Booze, loud music, shaggy heads bopping in unison, and . . . contemporary-art history lesson? It’s all being mashed together like one big, beautiful collage with MOCA’s “Night Vision” series, which combines live music and art-related activities with its usual gallery offerings. Think of it as a museum field trip for grown-ups, or a summery alternative to stuffy bars and buzzing nightclubs. The concept really gelled last year during the Jean-Michel Basquiat retrospective, which featured guest DJs such as Grandmaster Flash and Sonic Youth’s Thurston Moore, and attracted an equally eclectic crowd. From Studio 54 funk to chaotic jazz to weird and dark druggie jams, the entertainment offered a glimpse into the urban soundscape that may have inspired New York’s most famous street scribbler — the next best thing to actually being in Mahattan c. 1984.

This year, MOCA and Motorola present another complementary coupling of art and music, for the Robert Rauschenberg exhibit, as well as new outdoor novelties such as craft tables, screenings and spoken-word performances. And the two full bars don’t hurt the loose atmosphere — or one’s appreciation of the works. Art ain’t created in a sanitized environment (Rauschenberg and Basquiat were hardly angels!), so why should it be viewed in one?

“It’s an opportunity to reach out to people who wouldn’t normally come to the museum,” says Liz Garo, who, along with her partners at Spaceland Productions, was brought in by curator and producer Moj Mahdara to help book bands like Gram Rabbit and Future Pigeon. Garo also booked all the acts at the Getty Museum’s just-ended “Summer Sessions” series, bringing in Dengue Fever and Calexico. “It’s nice to enjoy this music in an outdoor cultural environment,” she says.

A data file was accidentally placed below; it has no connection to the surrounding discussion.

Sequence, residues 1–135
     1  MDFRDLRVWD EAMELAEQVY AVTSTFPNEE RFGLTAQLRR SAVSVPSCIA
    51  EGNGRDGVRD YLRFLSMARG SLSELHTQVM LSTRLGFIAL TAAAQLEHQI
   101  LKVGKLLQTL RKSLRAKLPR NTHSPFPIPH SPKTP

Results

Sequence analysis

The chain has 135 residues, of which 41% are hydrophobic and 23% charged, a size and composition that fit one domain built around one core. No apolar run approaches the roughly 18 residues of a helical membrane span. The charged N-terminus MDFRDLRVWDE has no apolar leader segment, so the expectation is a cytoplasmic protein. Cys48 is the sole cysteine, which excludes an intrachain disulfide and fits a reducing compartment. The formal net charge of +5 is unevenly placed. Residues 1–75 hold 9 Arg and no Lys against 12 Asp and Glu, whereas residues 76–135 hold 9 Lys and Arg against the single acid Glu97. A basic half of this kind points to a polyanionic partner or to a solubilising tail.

MOCA’s not the only museum vying for the hipster set either. The Hammer Courtyard’s “Also I Like to Rock” series, presented by Indie 103.1, which showcased the likes of Silversun Pickups and Monsters Are Waiting this past month, looked like Cinespace Tuesdays on a Thursday — in Westwood, no less.

And though the outdoor element is a clincher for summer, the Natural History Museum has had success presenting DJs and live rock acts indoors during colder months as well, with its “First Fridays” events and last year’s L.A.: Light/Motion/Dream show.

Upcoming “Night Vision” artists sure to bring some zing include wordsmith Saul Williams (8/12), the Crystal Method (8/26) and DJ Z-Trip (9/2). If the shows are anything like the wild scenes when Gram Rabbit played last month, or when DJ Cut Chemist spun a few weeks ago — nights when the actual exhibit halls were buzzing nearly as loudly as the outdoor area — prepare for more fun at the museum than you ever had in fifth grade.

LA Weekly